Why a tooling hole remains the answer for an end-to-end process.

Technology marches on and the result is a decreased margin for error. Even the language must adapt as mils give way to microns, because one thousandth of an inch is too coarse a measure for modern PCB geometry. As traces and spaces shrink to accommodate the latest chips, the onus is on fabricators and assemblers to achieve greater precision in all aspects of manufacturing.

Where does it end? Could Intel's new 2nm fab be the last stop? It seems so but I would not bet on it. Somewhere, somebody is working on angstrom class devices. Why not? Well, a single atom of copper comes in around 0.23nm, so Intel is depositing about eight or nine atoms of copper across the width of a connection. To quote Carl Sagan, “Billions and billions,” but we’re scaling down rather than up.

Gains made in foundries carry over to the printed circuit board. Thus, we must get better with each generation. Etch processes give way to additive processes to get down to the 25µm lines/spaces realm. That might be enough, for now.

Meanwhile, the PCB stackup must accommodate the increased circuit density one way or another; more traces per layer or more layers overall. Either way, the precision of layer-to-layer alignment is tightening on a regular basis. We’re likely to see a greater use of lasers and other means, such as MSAP, to get reliable results at this scale.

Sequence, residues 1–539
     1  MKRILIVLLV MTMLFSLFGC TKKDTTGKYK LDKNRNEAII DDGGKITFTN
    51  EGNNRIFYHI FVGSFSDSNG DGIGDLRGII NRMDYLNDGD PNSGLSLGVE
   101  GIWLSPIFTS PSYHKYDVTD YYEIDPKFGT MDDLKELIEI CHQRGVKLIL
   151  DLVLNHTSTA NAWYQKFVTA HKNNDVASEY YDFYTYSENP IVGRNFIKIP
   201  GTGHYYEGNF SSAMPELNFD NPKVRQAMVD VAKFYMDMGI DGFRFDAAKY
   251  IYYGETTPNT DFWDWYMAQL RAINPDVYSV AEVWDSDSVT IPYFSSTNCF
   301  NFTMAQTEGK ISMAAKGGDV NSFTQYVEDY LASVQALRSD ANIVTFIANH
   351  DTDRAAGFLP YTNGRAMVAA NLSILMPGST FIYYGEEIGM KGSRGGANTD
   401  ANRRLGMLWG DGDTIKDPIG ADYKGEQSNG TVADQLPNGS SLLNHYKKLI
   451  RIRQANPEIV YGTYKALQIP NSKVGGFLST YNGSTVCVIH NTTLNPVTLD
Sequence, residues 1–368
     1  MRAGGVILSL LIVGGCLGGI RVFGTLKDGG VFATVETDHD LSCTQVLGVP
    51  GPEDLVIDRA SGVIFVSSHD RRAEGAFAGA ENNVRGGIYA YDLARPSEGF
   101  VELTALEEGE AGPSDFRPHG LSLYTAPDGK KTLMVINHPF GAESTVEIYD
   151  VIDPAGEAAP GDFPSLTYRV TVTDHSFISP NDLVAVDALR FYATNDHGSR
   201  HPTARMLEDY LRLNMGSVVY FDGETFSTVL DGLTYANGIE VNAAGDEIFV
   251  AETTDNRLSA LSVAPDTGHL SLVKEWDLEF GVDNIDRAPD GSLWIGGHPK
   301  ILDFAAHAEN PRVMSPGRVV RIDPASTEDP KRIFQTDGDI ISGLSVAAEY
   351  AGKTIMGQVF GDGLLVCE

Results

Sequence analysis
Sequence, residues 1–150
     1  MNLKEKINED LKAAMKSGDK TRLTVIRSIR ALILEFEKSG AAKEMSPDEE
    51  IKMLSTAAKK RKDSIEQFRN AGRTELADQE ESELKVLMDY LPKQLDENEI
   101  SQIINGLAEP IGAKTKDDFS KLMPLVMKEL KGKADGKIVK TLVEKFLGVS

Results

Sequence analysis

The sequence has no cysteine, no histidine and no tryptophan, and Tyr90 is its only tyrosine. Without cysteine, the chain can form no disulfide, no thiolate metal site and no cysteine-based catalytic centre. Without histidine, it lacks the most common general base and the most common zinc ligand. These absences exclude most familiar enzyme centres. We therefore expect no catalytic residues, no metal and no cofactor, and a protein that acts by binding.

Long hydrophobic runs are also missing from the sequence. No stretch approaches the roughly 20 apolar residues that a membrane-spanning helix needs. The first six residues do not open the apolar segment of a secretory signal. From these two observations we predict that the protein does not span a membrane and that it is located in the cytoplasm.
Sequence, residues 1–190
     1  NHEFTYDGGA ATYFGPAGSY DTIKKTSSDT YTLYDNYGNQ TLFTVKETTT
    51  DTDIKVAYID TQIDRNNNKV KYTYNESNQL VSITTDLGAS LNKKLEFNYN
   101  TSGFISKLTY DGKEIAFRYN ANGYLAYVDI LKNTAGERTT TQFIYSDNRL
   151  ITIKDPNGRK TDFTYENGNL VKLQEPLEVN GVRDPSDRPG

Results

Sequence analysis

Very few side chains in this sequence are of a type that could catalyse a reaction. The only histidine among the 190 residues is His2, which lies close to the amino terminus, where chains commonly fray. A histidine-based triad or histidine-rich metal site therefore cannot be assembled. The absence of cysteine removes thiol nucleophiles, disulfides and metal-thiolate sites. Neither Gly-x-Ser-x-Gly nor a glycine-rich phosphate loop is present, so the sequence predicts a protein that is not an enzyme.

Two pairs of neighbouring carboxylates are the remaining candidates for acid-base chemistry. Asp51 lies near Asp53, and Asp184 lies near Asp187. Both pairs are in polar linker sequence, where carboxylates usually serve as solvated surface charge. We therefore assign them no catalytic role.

The best alignment method for PCB fabrication remains the humble tooling hole. This is a set of non-plated holes with precisely defined locations and even more precise diameter tolerances. They are always non-plated because the plating process is too imprecise for repeatable fixturing. These holes key the board or panel to a matching set of pins on a fixture or, I should say, fixtures.

These precision holes in the bare board align the layers during initial lamination and any subsequent lamination cycles. After the press, the board is placed in another jig for application of solder mask and silkscreen. Yet another fixture will use them for electrical probing to find opens and shorts. Good panels will then be put on a robotic assembly line and then on to a soldering machine using the same holes. Some additional testing and automatic optical inspection (AOI) may follow.

Given all those uses, it is advisable to have the tooling holes in an arrangement that precludes the possibility of putting the board on backwards or upside down. Normally, we want three of them, to ensure only one way to load the board into each fixture. If four holes are used, you want them asymmetric (FIGURE 1). Regardless of the quantity, they should be pushed toward the corners (if there are corners) to make it easy to align the pins and holes each time. On-board tooling holes may get a second life as mounting holes if you’re not counting on the hardware for a thermal path.


Figure 1. While there are four tooling holes, the panel is not an exact square. It must be flipped to complete the assembly. The same paste stencil and x-y data apply no matter which side is up. There are two ways to put this panel on the mating fixture and both are used for what is known as an A-B flip panel.

Back in the good old days, tooling holes came in one size, 125 mils, with a plus/minus tolerance of one mil. Now, there is an 89 mil hole too, because everything in this game shrinks over time. Unilateral tolerances are often applied where the pin will be the nominal value with a plus tolerance but no negative tolerance. The hole then gets zero oversize and a small negative tolerance. The actual numbers come down to what the fab shop can do on a best-effort basis. It’s almost an interference fit but not quite.